Bombay State is an earlier state of India. When India was under British rule, sections of the western coast of India were part of the Bombay Presidency. In 1937, the Bombay Presidency was included as a province of British India. After India got her independence in 1947, many former princely states, including the Gujarat states and the Deccan states, were combined with the previous Bombay province.
This entire portion was cumulatively renamed Bombay State. This state was considerably extended on November 1, 1956, growing eastward to include the Marathi speaking Marathwada region of Hyderabad State, the Marathi speaking Vidarbha area of southern Madhya Pradesh, and the Gujarati speaking region of Saurashtra and Kutch. The southernmost Kannada speaking segment of the state became a division of the new linguistic state of Karnataka.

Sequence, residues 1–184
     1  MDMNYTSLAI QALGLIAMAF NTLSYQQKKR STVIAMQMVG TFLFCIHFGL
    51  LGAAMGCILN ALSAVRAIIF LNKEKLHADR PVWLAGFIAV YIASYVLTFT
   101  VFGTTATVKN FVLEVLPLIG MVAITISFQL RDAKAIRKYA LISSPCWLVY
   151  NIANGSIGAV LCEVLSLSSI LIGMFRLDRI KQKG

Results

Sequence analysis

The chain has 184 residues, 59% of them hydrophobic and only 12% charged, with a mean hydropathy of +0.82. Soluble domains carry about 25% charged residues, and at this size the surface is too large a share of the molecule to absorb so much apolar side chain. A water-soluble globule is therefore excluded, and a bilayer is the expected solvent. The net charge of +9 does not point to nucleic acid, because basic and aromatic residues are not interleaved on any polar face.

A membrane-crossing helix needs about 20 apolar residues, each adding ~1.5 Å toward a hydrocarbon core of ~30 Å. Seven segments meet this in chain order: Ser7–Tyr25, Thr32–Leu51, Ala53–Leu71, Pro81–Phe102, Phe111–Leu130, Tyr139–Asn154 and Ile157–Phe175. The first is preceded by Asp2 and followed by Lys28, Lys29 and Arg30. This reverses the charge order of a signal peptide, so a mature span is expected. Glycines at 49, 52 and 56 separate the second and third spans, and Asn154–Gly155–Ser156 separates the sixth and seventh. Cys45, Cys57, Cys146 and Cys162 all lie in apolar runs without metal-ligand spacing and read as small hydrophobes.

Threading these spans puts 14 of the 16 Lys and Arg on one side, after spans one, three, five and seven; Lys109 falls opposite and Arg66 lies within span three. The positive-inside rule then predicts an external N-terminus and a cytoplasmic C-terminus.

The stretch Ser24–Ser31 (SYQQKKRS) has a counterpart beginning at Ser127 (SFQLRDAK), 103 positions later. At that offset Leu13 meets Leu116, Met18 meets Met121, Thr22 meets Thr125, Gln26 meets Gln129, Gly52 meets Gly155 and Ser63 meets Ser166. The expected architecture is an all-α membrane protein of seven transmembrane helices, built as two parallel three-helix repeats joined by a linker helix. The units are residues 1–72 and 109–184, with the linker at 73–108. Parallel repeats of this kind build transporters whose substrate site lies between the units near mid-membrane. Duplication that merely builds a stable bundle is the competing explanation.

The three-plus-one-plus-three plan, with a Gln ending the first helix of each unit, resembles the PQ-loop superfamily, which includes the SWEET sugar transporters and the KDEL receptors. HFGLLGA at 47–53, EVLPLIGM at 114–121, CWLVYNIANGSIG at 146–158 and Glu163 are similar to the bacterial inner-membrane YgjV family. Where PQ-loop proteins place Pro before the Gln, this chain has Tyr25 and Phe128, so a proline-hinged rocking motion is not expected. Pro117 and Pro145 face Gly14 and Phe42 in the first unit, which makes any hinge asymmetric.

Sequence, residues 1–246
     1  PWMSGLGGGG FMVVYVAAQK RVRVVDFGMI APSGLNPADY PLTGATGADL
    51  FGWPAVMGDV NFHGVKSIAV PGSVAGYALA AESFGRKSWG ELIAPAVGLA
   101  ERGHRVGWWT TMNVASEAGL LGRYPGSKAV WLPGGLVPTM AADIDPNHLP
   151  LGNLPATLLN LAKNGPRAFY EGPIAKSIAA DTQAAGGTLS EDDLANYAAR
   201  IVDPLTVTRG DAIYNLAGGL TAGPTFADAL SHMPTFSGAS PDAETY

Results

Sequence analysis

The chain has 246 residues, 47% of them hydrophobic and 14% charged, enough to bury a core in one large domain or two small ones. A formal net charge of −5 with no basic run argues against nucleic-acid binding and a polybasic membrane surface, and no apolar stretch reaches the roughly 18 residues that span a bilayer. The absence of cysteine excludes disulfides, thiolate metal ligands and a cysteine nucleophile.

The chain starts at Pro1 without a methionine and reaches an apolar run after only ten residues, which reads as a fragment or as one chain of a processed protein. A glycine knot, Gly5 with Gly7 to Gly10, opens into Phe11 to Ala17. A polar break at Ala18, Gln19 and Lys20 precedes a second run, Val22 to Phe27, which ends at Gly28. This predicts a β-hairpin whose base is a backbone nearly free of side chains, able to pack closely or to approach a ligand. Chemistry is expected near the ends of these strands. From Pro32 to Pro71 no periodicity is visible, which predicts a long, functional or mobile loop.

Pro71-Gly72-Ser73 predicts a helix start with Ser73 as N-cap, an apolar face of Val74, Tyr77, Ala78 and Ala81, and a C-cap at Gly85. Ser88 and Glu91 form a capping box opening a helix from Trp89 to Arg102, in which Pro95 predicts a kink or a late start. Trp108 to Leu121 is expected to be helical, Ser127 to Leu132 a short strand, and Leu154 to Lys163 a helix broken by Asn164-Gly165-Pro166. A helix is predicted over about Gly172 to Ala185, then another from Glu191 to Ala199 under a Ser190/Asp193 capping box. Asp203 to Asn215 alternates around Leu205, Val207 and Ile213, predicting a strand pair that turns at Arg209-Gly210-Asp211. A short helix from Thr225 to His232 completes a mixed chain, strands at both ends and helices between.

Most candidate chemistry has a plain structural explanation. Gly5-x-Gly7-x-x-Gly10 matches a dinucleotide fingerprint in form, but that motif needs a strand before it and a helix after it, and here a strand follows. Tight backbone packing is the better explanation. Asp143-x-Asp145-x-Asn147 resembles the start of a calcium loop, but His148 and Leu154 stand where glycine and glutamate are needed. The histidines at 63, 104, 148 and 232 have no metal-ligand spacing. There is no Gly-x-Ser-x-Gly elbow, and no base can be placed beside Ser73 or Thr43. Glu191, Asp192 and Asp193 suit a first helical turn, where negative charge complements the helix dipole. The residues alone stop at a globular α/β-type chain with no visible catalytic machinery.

The local inhabitants popularly knew the state as Maha Dwibhashi Rajya, which literally means the great bilingual state. Both the Marathi and the Gujarati linguistic movements initiated in this state, both seeking to create separate linguistic states. Shri Indubhai Yagnik guided the Mahagujarat movement in Gujarat. On May 1, 1960, after a movement for a separate Marathi state turned vicious, the Bombay State was divided into the States of Gujarat and Maharashtra. The history of Bombay State records the names of three chief ministers. Balasaheb Kher was the first Chief Minister of the state after India attained independence. Morarji Desai and Yashwantrao Chavan succeeded him.